'So, My Garage Door Opener Was
Noisy' (A Voice Over Story, Really)
By Rick Gordon
Voice Talent & Owner
Commercial Voices.com & e-Learning Voices.com
The house was nine years old when we bought it.
A baby in house longevity I would think, and according to the home inspector a real gem, high quality construction throughout.
Nice sunken living room with a vaulted ceiling. Three bedrooms and a rec room to die for - huge and well laid out.
A river in the backyard and the 1.5 acre property offering really nice breathing room for two and Benji the Beagle.
A double-car garage-plus, which easily fits the compact and full size chariots along with plenty of room for a professionally built 5X8 trailer.
A NOISY OPENER
But one of the two garage door openers was a little noisy ... well OK, a lot noisy. I thought, good luck, with a nine-year old house, what would you expect?
So the first thing that came to mind was to call the company that made the garage door openers.
WOW. A manual and an 800 number. Why not? Who knows?
As you would expect, I was put on hold for 10 minutes-plus, and then this young lady answers and says, “Chamberlain Doors, how may I help you?”
So I gave her my story, and she said, “No problem, sounds like the opener has been neglected and needs a little TLC.”
But, I said, “I bought the house last year and it is nine years old. Do you mean the openers are still under warranty?”
She responded, "Sure, it is still covered. Do you have some basic mechanical stills and a few tools?”
“Yup. I’ll get my step ladder and tools together and call you back. Is that OK?”
She says, “Why should you have to call me back? You waited over 10 minutes for me to answer your call. The least I can do is wait a few minutes for you to get ready for the repair."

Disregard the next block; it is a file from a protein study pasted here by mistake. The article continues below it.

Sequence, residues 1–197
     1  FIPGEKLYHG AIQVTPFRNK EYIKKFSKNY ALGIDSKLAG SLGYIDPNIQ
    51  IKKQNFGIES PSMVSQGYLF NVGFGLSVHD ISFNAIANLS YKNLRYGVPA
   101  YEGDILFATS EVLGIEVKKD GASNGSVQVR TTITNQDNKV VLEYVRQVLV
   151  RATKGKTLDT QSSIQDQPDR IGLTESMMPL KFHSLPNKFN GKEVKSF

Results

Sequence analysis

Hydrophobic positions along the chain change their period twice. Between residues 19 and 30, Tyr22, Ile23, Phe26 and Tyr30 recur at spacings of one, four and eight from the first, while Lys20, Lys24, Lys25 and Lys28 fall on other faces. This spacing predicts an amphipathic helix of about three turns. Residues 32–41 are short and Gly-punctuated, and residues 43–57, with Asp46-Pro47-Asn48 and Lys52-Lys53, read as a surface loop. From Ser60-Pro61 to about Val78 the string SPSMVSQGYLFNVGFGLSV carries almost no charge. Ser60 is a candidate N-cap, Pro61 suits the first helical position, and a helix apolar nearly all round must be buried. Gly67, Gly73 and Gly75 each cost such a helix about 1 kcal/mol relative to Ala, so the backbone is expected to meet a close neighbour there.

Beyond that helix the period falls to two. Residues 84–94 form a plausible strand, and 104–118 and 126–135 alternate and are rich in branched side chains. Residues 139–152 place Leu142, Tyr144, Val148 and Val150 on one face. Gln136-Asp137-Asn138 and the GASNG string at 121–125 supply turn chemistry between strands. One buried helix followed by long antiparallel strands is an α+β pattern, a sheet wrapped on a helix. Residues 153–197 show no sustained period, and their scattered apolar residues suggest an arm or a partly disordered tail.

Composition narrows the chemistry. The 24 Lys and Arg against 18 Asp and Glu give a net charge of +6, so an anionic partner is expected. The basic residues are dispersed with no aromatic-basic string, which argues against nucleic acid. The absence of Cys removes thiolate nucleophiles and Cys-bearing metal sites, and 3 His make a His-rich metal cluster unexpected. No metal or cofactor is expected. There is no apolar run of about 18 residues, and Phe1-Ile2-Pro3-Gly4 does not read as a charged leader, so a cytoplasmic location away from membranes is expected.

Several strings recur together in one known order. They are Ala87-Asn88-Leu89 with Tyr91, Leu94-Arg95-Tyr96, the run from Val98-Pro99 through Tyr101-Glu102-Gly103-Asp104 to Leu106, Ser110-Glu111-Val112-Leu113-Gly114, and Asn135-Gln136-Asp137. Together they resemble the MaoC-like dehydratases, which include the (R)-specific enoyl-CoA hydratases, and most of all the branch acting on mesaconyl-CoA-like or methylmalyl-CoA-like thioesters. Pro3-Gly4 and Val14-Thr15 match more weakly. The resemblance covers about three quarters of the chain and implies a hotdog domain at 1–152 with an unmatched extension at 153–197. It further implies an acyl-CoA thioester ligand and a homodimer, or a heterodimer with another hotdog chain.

ARE YOU KIDDING?
I was astounded!
“You’ve got to be kidding. You will do that for me?”
“Sure I will,” she says. “I’ll be right here waiting.”
So off I went as fast as I could. This is unbelievable.
WALKED ME THROUGH
Picking up the phone, “Sorry for all the noise,” I said. “I was dragging the ladder and setting it up.”
“No problem at all, Rick. So are you ready for the repair?”
She walked me through every adjustment. I’m sure it took 45 minutes or so, and when we were done I was so pleased.
In addition to the door working better and more quietly - which she could hear and testify to - I could not believe any company would go to these measures for someone who bought a used home and may or may not be a future customer.
Who were they? They are in Illinois, USA. I am in Ottawa, Canada. They cared.
VOICE OVER LESSON
OK, nice, what the %^%$# does this have to do with voice over? Nice of you to ask.
A few weeks ago, I was asked to do some repairs to an old voice project, which had some script changes for an e-learning company that I dealt with for 4 years ago.
I could have treated this opportunity as a new customer and charged top dollar since we parted ways long ago.
But I thought of Chamberlain Garage Doors.
WHAT SERVICE MEANS
Could they not have done the same thing? I mean, they could have said, “Sorry”.
But they didn’t, and she did not even give me a sales pitch about replacing the old openers with new ones.
I could have done the same. But my dealings with Chamberlain reminded me of what “service” means.
I completed the repairs and charged the client half of my minimum. The client knew of the discount, and of course was very appreciative.
Chamberlain did not cause my problem, but opted to assist their client. I did the same.
Will this mean future voice over work? Probably.
Do I feel good about this? For sure.
Keep your clients happy. Even when you have an opportunity to rape and pillage, don’t do it.
This may be a short life, but at times it’s on a long road.
ABOUT RICK ...
Rick Gordon is a veteran voice talent based in Canada, and is also the founder and owner of two major online voice-over marketplaces: Commercial Voices.com and e-Learning Voices.com. Commercial Voices.com was created 10 years ago as the web site where voice talents are "hit and heard." e-Learning Voices.com was introduced in 2008 specifically for e-Learning voice-over projects.
e-Learningn Voices.com: www.e-learningvoices.com
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